KENDALLVILLE – About the same time that an East Noble defensive back was leaping in the air to pick off a Carroll pass late in the Knights' 27-7 thrashing of its Northeast Hoosier Conference rival on Friday, I struck up a conversation along the Carroll sideline with Charger girl's basketball coach Mark Redding about how unpredictable high school athletics can be.
“If we could figure out how teenagers were going to think (during games),” Redding laughed, “we'd all be millionaires.”
Teenagers and turnovers. That is essentially what doomed Carroll, which eight days ago was regarded by many to be the best team in northeast Indiana. This morning Doug Dinan's team woke up in sixth place in the NHC. That is unbelievable. As is high school football in this area.
Carroll losing at East Noble isn't a massive surprise; the Knights are pretty good and now control their own destiny in a quest for at least a share of the NHC championship. But it's how they lost (eight turnovers) to an East Noble team, which didn't even play its most productive player (leading rusher and scorer senior running back Brandon Mable sat out the game due to suspension), that was so shocking.
But Carroll's outcome wasn't the only eye-popper from Friday, far from it, in fact.
Sticking in the NHC, Bellmont got by Homestead 14-13 in overtime to beat Sparty for the first time since the Brave seniors were in diapers (18 years), if they were even alive.
Homestead hadn't been beaten in league play in 28 games, but they have been now, and the NHC is a muddled mess (five teams within a game of leader New Haven) because of it.
“New Haven is still undefeated,” Knight coach Luke Amstutz said. “We'll get our shot at it eventually, but we've got to take it (one game at a time) and beat Norwell.”
That whole “one game at a time” shtick is for real. The fans and media may not buy it, but how do you think Snider coach Kurt Tippmann was feeling as Concordia Lutheran lined up for a game-winning attempt on a two-point conversion late Friday?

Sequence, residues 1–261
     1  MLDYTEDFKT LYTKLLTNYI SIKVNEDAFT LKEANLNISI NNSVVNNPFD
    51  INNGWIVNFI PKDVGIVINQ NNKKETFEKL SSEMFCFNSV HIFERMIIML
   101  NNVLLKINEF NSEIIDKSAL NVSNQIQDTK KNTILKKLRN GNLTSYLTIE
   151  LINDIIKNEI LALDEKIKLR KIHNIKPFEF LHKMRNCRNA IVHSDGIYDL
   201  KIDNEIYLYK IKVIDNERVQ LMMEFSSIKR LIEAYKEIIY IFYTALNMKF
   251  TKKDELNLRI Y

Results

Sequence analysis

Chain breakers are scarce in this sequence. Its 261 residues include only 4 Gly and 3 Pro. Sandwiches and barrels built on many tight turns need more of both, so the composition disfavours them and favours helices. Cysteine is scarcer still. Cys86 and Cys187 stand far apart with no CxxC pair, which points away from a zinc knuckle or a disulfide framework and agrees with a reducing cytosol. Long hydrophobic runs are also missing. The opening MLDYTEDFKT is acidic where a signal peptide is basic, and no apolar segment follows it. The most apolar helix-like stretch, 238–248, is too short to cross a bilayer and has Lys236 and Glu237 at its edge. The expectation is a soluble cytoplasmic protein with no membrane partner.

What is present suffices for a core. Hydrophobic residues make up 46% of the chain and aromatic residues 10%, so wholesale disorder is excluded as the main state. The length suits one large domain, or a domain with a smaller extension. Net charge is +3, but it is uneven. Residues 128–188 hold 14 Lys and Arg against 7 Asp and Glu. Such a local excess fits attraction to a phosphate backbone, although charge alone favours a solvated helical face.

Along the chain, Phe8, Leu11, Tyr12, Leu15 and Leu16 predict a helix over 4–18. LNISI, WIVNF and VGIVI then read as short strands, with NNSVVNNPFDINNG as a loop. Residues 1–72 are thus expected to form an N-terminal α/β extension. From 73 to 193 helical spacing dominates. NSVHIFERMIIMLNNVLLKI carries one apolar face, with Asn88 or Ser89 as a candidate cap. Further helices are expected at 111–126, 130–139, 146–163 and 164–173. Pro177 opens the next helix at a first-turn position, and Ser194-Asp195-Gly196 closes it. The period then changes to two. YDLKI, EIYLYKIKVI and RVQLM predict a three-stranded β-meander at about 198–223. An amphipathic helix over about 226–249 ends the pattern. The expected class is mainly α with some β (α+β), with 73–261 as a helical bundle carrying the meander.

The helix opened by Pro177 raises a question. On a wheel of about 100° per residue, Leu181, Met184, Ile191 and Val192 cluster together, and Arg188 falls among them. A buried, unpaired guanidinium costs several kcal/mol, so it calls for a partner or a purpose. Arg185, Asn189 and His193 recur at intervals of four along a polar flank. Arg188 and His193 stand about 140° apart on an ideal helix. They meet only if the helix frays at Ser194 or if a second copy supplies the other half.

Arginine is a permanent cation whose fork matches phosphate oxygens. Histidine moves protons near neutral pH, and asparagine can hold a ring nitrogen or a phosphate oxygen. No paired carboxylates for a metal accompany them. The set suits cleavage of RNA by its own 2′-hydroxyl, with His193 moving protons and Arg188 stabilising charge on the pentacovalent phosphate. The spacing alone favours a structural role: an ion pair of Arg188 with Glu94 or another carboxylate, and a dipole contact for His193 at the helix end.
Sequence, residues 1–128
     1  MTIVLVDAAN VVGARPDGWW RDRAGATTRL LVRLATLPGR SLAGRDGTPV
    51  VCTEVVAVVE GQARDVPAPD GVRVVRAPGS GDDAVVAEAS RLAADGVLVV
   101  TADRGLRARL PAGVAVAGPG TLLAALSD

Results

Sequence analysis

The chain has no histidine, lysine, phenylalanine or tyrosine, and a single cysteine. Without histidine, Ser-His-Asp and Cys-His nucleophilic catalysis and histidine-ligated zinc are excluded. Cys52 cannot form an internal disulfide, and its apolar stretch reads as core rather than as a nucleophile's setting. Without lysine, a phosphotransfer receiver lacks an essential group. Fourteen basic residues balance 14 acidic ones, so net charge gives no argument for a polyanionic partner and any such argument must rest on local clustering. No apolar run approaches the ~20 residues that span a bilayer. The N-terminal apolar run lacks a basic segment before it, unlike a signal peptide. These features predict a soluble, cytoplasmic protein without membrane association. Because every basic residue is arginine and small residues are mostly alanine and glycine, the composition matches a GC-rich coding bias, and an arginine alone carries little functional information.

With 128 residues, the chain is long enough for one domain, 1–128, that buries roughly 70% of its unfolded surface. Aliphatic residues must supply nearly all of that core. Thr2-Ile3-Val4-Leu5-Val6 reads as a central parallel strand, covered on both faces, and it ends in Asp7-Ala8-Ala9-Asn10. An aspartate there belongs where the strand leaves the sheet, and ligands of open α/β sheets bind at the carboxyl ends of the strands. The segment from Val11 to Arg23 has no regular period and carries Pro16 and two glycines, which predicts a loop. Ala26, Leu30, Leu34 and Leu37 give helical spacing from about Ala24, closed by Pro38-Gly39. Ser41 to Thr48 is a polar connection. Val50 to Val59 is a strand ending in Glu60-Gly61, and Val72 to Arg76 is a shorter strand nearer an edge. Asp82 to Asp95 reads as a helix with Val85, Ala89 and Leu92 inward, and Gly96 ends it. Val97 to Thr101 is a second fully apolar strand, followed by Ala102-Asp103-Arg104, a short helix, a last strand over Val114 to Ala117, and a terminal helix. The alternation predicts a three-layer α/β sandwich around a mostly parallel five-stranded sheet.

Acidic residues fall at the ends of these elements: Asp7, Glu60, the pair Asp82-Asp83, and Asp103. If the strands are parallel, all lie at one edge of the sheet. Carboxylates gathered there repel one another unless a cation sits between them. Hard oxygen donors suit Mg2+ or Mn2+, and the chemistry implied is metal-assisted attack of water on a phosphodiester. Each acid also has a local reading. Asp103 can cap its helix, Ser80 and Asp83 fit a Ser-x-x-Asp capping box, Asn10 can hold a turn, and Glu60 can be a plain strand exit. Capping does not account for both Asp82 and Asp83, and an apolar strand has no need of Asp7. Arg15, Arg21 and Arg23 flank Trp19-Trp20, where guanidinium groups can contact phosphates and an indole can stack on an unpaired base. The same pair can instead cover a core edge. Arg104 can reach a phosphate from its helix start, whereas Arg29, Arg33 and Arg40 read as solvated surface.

The Cadets' upset bid (they've now lost to the Panthers seven straight times) fell short in a 14-13 loss, but the margin demonstrates that no one ever really knows how a particular game will unfold.
Snider is one of just two unbeaten squads remaining in Summit Athletic Conference play, but neither the Panthers nor co-leader Bishop Dwenger has proven infallible.
Snider squeaked by Northrop 35-28 two weeks ago, and the Bruins have fallen off of the football map over the last 14 days.
The Saints needed a furious rally (and possibly some divine intervention) to survive at North Side earlier this month. Every week is a “must watch” for area fans and a “must prepare” for area teams.
For a rare occurrence on Friday, Bishop Dwenger was actually regarded as an underdog in its game at Ohio-power Cincinnati LaSalle. However, when Saint senior Ryan Watercutter managed to intercept a Lancer pass in the end zone in overtime, the play preserved a 31-24 Dwenger victory.
Even in Ohio prep football, this rule applies.
If there was a “sure thing” anywhere in northeast Indiana on Friday, it had to have been Garrett hosting a beleaguered Bluffton squad, which got smoked at Woodlan 56-0 a week ago. The Railroaders were riding a hot streak (three consecutive victories) and had won 12 straight times on their home field. So of course the Tigers doubled up Garrett 28-14.
Bishop Luers lost its fifth straight game to remain winless (yet will probably still receive votes in the latest IHSAA poll) after being shutout by Wayne 15-0, while Churubusco barely got by Angola 14-7, and South Side, which was inches from being winless (the Archers got an overtime win against Luers, for what that is now worth), looked like world-beaters at Northrop (a 47-21 Bruin beat down).
All of this reinforces the notion that the only money that should be laid down on Fort Wayne-area prep football should be for tickets to a “never know what you'll see” event, because bettors would be losing their shirts over this stuff.